Legal Briefs

Seeking Comfort

Hotel brands provide lender assurance — for a fee.

When providing loans on branded hotel properties, mortgage lenders usually seek a “comfort” or “recognition” letter from the brand’s licensor or franchisor. A comfort letter is a tri-party agreement among the owner, the lender, and the licensor. Its purpose is to provide a lender with reasonable assurances that in the event of a foreclosure, the lender will be able to maintain the hotel brand’s license.

A Change in Purpose

Prior to the beginning of the economic downturn in 2008, the vast majority of lenders providing hotel financing obtained comfort letters as a “check the box” requirement. The letters provided “comfort” from the licensor that the lender would have certain rights if the hotel owner defaulted under the loan agreement.

However, over time, comfort letters have shifted from protecting lenders to imposing obligations on lenders and potentially exposing them to liability for the benefit of the franchisors.

A hotel with a national brand affiliation has either a license agreement, whereby the name is solely licensed to the hotel owner, or a management agreement, which states the brand is also responsible for the day-to-day management of the hotel. In many instances, the brand is an essential benefit to the hotel that the lender may want to preserve in the event it forecloses on the hotel. Accordingly, lenders customarily require a comfort letter prior to or simultaneously with the closing of any financing secured by a hotel.

Comfort letters are issued by the brands on their standard form and are largely non-negotiable; however, lenders that do a substantial amount of repeat business with a brand may have their own negotiated forms. The primary benefits of a comfort letter to a lender are the following:

  • notice of owner defaults under the license agreement and an opportunity to cure such defaults (usually coupled with an additional cure period beyond the owner’s cure period);
  • the right to enter into a new license agreement with the licensor following a foreclosure; and
  • the licensor’s waiver of the application fee (and sometimes renovation requirements) when the lender enters into such new license agreement.

In the current market, in exchange for these benefits of the comfort letter, brands have imposed onerous conditions on the lenders, including the following:

  • before exercising a cure right, a lender may be required to pay all fees due to the licensor from the licensee;
  • before seeking appointment of a receiver, a lender may be required to cure all licensor defaults in a proscribed time period, provide a bond to guarantee the obligations of the receiver, and negotiate a short-term interim license agreement with the licensor for the receiver to operate the hotel during the receivership period;
  • if a foreclosure follows a prior license termination due to a licensee default, a lender may be obligated to comply with the terms of the license agreement with respect to de-identifying the hotel and to indemnify the licensor from any liability arising from the operation of the hotel under the licensor’s brand; and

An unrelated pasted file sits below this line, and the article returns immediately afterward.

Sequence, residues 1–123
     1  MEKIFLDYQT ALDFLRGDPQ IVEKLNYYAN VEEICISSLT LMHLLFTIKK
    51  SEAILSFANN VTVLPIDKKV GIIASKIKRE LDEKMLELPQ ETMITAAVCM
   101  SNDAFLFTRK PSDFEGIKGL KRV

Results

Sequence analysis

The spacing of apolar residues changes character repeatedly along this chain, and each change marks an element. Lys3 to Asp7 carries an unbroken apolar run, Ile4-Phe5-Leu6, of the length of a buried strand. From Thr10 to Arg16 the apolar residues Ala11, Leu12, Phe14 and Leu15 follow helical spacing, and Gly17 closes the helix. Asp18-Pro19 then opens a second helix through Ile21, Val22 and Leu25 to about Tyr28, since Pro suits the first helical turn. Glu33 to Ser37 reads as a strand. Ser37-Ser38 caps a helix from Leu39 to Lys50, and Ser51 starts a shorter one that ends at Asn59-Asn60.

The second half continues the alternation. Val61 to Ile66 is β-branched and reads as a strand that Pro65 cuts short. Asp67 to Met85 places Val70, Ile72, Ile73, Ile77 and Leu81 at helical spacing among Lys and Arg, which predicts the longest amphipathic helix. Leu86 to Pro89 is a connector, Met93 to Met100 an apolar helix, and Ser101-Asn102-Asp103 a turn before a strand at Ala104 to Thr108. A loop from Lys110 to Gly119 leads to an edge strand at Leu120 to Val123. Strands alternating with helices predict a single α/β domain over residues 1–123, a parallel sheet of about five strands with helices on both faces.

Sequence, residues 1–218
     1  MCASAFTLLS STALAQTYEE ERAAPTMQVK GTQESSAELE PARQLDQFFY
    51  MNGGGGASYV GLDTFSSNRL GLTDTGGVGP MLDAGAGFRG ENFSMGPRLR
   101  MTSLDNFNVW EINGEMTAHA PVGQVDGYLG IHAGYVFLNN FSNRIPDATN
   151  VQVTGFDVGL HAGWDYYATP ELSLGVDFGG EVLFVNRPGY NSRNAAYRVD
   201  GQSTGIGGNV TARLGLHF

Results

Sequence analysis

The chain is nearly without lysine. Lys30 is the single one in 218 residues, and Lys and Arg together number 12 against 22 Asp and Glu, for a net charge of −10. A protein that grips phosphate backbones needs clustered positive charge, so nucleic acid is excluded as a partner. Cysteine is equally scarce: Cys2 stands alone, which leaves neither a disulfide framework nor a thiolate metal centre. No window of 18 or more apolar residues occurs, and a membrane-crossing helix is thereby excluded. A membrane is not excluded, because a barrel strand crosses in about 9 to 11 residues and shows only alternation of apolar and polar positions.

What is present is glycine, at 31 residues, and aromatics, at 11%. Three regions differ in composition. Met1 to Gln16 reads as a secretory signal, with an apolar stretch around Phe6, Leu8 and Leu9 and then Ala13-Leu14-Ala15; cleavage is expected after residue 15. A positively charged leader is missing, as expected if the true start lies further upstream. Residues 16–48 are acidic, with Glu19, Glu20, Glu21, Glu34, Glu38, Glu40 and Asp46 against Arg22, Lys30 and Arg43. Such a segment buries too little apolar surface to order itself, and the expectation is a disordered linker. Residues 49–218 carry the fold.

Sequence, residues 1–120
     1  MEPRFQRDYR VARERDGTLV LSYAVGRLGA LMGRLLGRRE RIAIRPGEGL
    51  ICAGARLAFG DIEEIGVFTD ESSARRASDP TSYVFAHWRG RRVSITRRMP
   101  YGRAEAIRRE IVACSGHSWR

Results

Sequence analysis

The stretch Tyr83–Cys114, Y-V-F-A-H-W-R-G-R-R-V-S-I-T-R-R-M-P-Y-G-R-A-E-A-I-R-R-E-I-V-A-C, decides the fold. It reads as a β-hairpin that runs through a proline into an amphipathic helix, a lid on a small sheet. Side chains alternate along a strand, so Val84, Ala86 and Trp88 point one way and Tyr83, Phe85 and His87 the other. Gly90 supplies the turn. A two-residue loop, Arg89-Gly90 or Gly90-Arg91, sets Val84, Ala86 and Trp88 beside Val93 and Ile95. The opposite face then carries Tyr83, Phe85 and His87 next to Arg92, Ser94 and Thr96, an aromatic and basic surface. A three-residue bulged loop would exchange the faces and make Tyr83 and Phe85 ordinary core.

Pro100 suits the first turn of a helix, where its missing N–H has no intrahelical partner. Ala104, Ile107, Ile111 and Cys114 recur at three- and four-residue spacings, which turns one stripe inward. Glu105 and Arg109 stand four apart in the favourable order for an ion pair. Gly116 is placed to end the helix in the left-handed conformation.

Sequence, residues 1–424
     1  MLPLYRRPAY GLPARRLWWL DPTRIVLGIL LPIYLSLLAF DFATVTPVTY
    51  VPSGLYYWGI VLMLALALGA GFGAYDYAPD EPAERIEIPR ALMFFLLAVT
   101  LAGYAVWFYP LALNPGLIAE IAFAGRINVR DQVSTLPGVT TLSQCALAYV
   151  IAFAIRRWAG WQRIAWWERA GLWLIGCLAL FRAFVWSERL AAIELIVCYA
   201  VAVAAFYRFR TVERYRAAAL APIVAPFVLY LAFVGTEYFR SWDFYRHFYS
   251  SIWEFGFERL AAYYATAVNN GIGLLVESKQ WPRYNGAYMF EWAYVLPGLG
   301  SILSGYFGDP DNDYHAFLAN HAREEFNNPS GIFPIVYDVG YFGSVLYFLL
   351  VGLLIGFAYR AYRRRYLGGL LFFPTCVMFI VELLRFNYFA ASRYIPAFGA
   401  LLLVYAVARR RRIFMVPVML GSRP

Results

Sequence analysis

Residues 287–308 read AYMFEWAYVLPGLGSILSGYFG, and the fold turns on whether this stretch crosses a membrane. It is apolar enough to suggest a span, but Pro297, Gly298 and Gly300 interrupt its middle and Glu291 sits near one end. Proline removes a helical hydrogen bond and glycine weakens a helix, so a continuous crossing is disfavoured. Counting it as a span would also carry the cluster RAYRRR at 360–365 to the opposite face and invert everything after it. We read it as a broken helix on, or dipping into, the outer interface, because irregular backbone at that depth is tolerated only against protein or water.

• the lender may be required to notify the licensor in advance before exercising various remedies against the owner, including commencement of foreclosure proceedings and a petition for appointment of a receiver.

Lenders often focus on the benefits they may get from a comfort letter without focusing on the obligations imposed by the brand. Because the lender is not a party to the license agreement, in the absence of a comfort letter, the lender is not bound by any of its terms. Though the lender risks losing the brand in the event of a foreclosure, if a hotel is well positioned in its market and the licensor values the hotel, the lender will likely be able to negotiate a new or interim franchise agreement whether or not it has obtained a comfort letter.

A comfort letter puts the power in the lender’s hands to determine whether it wants to maintain the license, but the conditions contained in a comfort letter may bind the lender in connection with the exercise of its rights. Lenders must weigh the benefits, including, among other things, the value of keeping the brand in place, the waiver of fees and renovation requirements, and notice and cure rights, against the obligations imposed on lenders.

Rori Malech is a partner with Hunton & Williams LLP in Washington, D.C. Contact her at rmalech@hunton.com.

Rori Malech

Key Takeaways Comfort letters may impose obligations on lenders and potentially expose them to liability in connection with exercising their rights under their loan documents and the comfort letter.Lenders and their counsel should weigh the benefits of obtaining a comfort letter against the obligations imposed on a lender in the comfort letter.If a hotel is well positioned in its market and desirable to the current brand and/or other brands in the market, the lender may be able to achieve its goals regardless of the existence of a comfort letter.

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